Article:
Warship HMS Northumberland home after pirate patrols
Hundreds of friends and family members have welcomed home the crew of a Devon-based warship.
HMS Northumberland has spent the past eight months on counter-piracy patrols in the Middle East.
Since deploying in April, the Type 23 frigate has covered 49,624 nautical miles - the equivalent of sailing twice around the world.
Commanding officer, Cdr Paddy Allen, said the "fantastic" welcome home was a fitting end to a very long tour.
He said while the ship's company deserved the welcome back, it was the families and partners who were the "unsung heroes".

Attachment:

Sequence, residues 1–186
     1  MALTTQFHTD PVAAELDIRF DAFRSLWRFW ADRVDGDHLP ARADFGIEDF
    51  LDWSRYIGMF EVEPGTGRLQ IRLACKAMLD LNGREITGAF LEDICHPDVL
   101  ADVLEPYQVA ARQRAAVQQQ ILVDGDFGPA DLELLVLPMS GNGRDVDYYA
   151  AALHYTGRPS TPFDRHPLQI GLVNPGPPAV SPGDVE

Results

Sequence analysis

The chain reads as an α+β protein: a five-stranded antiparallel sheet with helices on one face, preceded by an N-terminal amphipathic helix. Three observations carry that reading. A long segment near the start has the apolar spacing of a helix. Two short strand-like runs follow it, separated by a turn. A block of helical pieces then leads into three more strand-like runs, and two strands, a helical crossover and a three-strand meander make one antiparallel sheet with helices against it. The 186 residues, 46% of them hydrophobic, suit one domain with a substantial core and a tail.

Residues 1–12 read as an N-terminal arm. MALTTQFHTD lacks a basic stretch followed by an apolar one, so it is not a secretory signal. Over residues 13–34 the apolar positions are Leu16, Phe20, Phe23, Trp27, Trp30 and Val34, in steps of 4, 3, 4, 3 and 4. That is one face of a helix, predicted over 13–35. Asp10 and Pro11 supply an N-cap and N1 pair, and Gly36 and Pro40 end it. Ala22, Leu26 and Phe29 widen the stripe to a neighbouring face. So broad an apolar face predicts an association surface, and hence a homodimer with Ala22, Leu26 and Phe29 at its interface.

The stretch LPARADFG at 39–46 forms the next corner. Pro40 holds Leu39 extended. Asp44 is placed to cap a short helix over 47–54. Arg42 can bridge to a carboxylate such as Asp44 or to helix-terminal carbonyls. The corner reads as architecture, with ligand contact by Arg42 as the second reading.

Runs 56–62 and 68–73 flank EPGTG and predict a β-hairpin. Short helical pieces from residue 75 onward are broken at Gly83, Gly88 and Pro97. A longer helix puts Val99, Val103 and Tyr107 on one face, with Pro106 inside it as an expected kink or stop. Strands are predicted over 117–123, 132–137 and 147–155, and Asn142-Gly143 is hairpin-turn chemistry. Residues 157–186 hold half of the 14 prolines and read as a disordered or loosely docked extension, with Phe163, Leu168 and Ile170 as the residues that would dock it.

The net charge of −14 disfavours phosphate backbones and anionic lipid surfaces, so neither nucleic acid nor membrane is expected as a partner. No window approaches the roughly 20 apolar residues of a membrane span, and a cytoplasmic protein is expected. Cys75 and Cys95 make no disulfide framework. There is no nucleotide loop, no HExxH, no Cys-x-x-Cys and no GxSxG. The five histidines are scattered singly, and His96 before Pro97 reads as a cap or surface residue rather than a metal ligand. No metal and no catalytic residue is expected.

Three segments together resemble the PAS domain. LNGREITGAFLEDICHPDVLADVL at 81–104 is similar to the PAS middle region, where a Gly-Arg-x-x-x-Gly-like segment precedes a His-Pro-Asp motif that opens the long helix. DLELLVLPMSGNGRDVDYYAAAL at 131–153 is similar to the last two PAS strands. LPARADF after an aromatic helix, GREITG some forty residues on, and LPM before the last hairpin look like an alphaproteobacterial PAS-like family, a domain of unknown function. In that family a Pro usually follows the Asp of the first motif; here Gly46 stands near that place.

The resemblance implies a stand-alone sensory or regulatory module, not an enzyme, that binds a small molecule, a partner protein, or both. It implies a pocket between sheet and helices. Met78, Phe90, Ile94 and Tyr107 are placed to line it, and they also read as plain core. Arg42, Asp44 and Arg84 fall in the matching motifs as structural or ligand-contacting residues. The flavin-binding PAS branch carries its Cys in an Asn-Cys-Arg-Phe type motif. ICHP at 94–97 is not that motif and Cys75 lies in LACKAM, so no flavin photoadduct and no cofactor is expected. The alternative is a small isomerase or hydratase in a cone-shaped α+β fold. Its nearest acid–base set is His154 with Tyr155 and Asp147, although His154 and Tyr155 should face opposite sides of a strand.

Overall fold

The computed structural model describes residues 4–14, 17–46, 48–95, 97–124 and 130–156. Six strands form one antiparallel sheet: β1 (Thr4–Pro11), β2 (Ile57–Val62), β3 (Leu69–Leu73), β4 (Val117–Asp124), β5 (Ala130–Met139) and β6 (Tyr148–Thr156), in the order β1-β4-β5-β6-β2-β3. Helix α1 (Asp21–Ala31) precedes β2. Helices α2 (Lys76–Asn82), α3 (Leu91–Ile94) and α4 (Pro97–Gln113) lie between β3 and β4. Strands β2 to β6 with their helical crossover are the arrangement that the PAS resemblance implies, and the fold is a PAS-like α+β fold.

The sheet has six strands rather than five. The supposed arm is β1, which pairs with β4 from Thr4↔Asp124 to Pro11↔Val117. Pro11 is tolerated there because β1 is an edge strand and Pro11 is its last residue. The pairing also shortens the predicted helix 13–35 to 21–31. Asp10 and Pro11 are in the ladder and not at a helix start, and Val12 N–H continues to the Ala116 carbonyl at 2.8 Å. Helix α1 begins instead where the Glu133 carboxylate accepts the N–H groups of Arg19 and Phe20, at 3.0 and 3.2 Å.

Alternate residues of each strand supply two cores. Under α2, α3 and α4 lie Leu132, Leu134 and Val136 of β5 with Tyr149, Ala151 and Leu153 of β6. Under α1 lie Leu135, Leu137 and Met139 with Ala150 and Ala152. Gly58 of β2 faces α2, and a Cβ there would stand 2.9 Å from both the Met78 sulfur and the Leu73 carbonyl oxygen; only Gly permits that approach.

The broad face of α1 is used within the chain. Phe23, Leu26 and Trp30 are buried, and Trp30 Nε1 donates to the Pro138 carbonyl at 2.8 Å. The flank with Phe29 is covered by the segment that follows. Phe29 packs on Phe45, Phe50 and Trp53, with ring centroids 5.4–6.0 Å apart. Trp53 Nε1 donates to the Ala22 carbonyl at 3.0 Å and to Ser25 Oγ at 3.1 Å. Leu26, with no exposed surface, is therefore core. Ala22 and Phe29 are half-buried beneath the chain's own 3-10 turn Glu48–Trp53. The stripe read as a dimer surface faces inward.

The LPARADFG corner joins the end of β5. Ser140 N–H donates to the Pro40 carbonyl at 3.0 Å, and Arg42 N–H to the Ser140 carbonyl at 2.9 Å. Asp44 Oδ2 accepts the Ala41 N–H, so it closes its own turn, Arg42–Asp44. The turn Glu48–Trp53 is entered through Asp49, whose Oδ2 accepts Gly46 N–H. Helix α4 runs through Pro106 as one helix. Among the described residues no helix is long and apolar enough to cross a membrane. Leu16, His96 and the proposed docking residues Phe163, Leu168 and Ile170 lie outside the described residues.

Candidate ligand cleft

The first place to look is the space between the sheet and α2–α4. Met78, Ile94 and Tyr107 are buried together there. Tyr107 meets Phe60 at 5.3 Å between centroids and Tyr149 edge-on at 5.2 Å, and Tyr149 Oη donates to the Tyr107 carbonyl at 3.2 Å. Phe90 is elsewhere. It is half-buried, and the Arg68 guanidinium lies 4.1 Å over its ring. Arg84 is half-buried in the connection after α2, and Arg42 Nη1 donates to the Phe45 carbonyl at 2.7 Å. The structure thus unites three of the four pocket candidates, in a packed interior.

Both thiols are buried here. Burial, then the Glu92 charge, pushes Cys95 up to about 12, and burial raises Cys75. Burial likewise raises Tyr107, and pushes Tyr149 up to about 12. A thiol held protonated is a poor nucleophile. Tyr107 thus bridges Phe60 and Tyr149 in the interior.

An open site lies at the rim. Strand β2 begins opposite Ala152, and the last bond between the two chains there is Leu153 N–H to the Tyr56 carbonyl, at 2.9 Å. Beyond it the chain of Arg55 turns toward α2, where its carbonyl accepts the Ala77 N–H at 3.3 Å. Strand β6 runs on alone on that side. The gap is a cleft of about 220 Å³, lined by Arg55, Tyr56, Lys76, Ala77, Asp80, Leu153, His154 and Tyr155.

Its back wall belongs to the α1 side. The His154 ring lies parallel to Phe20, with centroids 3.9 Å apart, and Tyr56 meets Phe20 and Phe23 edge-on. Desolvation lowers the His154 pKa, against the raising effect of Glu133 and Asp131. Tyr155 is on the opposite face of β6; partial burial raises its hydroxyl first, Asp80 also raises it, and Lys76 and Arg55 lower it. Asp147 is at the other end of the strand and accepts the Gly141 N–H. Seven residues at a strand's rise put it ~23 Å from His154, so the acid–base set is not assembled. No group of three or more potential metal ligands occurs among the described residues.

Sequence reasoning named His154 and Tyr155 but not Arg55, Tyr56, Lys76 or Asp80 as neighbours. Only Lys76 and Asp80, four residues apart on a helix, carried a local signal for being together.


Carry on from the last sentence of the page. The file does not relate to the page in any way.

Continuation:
"Families and friends are the silent support network," Cdr Allen said.
"They keep things going at home and keep the problems away from us on board so it does not distract us from our duty."
The Royal Navy said piracy attacks had "significantly reduced" since HMS Northumberland and her task group were deployed.
The Devonport ship also took part in anti-arms, anti-people smuggling and counter-terrorism patrols.
The ship spent most of the deployment in the Gulf of Aden and Oman and the Somali Basin in support of Operation Calash, part of a multi-national maritime task force.
The crew will be on leave over the Christmas period.
HMS Northumberland is due to visit her affiliate county next year and is also due for a major upgrade in Devonport.